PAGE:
Today's post was written by Joshua Finnell. He is the scholarly communications librarian in the J. Robert Oppenheimer Research Library at Los Alamos National Laboratory and serves on the board of Make Santa Fe.
This past summer, we packed up our belongings in Ohio and headed west towards the oldest state capital city in the United States. My wife accepted an offer to teach creative writing at the Santa Fe University of Art & Design and I accepted a position as the scholarly communications librarian at Los Alamos National Laboratory. For the first time in our lives, we would find our professional environments in stark contrast between the sciences and humanities. Back in Ohio, I was a humanities librarian at a small liberal arts college while Anne was finishing her PhD and teaching English and creative writing. Our dinner conversations easily flowed together as we let our sweet potatoes and green beans grow cold talking about literature and what new titles I should buy for the library’s fiction collection.
Though our educational and professional backgrounds were firmly seeded in the humanities, our upbringing was shaped and sometimes overshadowed by science and engineering. My wife’s parents are both audiologists in St. Louis, and she spent her childhood surrounded by conversations about audiograms and cochlear implants. I grew up in Peoria, Illinois, the headquarters of Caterpillar, the world’s leading manufacturer of construction equipment. While my wife’s childhood home was abuzz with talk of double-blind, placebo controlled studies, my entire town’s livelihood depended on the continual discovery of engineering breakthroughs. We both grew up with Neil Ardley and David Macaulay’s The Way Things Work on our bookshelf. We both found our way to the humanities through the prism of the sciences. We would eventually meet as undergraduates in the liberal arts curriculum at Washington University in St. Louis.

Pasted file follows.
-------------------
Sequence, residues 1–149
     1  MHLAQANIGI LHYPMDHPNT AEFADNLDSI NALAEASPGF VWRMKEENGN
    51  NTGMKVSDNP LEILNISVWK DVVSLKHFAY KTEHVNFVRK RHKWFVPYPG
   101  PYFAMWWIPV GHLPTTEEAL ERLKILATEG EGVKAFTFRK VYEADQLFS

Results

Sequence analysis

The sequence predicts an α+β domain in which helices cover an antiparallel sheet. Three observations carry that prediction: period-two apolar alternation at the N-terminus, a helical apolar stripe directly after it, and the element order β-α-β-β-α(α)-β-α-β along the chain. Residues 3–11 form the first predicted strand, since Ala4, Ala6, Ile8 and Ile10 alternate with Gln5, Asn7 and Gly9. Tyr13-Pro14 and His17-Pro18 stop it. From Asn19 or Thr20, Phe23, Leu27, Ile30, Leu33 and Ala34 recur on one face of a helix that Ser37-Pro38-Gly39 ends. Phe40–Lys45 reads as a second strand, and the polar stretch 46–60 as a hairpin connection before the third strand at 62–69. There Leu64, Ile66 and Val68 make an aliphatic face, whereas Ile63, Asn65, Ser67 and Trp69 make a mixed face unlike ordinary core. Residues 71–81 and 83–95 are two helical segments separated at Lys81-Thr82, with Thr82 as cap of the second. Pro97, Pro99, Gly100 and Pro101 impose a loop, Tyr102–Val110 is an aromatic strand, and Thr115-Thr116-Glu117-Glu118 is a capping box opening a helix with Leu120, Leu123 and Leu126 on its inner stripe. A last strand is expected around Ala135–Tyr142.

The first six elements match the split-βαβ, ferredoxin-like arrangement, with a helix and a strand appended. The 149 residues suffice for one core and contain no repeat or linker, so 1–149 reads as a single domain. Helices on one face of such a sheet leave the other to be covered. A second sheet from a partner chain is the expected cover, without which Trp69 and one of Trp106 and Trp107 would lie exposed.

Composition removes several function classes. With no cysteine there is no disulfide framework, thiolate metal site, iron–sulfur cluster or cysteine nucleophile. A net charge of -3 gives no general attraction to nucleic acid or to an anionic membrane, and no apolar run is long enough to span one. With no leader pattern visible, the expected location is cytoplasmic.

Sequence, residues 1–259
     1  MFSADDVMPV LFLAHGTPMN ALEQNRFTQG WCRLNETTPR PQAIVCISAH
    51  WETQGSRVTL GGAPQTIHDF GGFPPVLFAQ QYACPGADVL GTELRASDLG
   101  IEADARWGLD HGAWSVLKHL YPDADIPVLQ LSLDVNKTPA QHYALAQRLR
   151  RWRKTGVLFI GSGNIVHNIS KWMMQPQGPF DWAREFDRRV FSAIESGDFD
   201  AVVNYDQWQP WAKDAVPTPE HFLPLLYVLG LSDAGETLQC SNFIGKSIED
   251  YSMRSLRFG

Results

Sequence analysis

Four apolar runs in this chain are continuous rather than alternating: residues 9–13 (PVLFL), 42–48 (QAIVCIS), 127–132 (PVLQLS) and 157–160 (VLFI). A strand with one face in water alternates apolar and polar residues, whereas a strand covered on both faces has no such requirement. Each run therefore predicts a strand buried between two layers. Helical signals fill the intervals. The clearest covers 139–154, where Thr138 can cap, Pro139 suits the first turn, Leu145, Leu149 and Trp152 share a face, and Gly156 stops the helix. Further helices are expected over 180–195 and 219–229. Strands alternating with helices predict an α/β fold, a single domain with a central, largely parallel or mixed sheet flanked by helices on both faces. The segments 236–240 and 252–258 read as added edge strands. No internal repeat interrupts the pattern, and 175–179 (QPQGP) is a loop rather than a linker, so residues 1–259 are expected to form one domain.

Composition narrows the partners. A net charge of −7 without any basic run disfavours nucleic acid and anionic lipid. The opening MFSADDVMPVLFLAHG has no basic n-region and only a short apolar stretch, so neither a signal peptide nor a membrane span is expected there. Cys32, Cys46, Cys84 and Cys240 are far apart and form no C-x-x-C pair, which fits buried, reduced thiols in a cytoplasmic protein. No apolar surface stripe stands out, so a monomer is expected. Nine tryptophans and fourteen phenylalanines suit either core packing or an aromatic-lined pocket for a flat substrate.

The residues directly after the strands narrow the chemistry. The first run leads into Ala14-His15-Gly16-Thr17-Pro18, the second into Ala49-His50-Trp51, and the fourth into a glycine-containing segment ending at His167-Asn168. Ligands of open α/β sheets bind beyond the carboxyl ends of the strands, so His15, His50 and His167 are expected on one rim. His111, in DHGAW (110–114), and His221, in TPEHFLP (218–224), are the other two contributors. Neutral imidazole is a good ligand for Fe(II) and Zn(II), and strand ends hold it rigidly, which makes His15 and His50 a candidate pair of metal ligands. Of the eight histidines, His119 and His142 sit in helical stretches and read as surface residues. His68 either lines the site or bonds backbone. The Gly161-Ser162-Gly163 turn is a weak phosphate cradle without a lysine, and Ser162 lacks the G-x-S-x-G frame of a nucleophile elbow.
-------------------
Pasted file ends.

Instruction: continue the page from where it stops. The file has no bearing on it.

As a writer, my wife draws inspiration not only from nature but also scientific discovery. Even her approach to writing is compared to that of a scientist by her colleagues as she tests empirical evidence against the knowable and unknowable of humanness. My own chosen profession of librarianship derives from a fascination in the general as opposed to the specialized. There hasn’t been a single trip in the last few years we haven’t prepared for by reading about the historical, literary, artistic and geological background of our destination. Though written well before our births, we both heeded C.P. Snow’s warning in The Two Cultures that the splintering of the sciences and humanities is a major obstacle to solving the world’s problems. It comes as no surprise that one of our few creative collaborations reimagined human diseases as a manifestation of physiological, emotional, environmental and existential deficiencies.